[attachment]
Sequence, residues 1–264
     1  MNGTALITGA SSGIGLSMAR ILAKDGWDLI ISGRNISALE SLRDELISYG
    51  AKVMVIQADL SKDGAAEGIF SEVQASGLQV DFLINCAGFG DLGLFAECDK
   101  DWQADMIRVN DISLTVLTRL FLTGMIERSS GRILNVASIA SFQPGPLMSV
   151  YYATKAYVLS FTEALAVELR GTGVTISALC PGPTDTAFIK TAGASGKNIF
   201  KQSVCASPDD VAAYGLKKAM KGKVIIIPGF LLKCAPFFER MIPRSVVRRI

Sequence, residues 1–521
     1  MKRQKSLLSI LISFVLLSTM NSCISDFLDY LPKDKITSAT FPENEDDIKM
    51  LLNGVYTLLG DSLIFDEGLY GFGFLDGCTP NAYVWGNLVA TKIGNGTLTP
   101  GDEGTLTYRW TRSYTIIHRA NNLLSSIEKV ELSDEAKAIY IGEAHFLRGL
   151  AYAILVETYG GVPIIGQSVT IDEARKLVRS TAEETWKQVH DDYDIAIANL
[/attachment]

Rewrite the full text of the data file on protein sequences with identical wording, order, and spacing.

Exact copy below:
Sequence, residues 1–264
     1  MNGTALITGA SSGIGLSMAR ILAKDGWDLI ISGRNISALE SLRDELISYG
    51  AKVMVIQADL SKDGAAEGIF SEVQASGLQV DFLINCAGFG DLGLFAECDK
   101  DWQADMIRVN DISLTVLTRL FLTGMIERSS GRILNVASIA SFQPGPLMSV
   151  YYATKAYVLS FTEALAVELR GTGVTISALC PGPTDTAFIK TAGASGKNIF
   201  KQSVCASPDD VAAYGLKKAM KGKVIIIPGF LLKCAPFFER MIPRSVVRRI

Sequence, residues 1–521
     1  MKRQKSLLSI LISFVLLSTM NSCISDFLDY LPKDKITSAT FPENEDDIKM
    51  LLNGVYTLLG DSLIFDEGLY GFGFLDGCTP NAYVWGNLVA TKIGNGTLTP
   101  GDEGTLTYRW TRSYTIIHRA NNLLSSIEKV ELSDEAKAIY IGEAHFLRGL
   151  AYAILVETYG GVPIIGQSVT IDEARKLVRS TAEETWKQVH DDYDIAIANL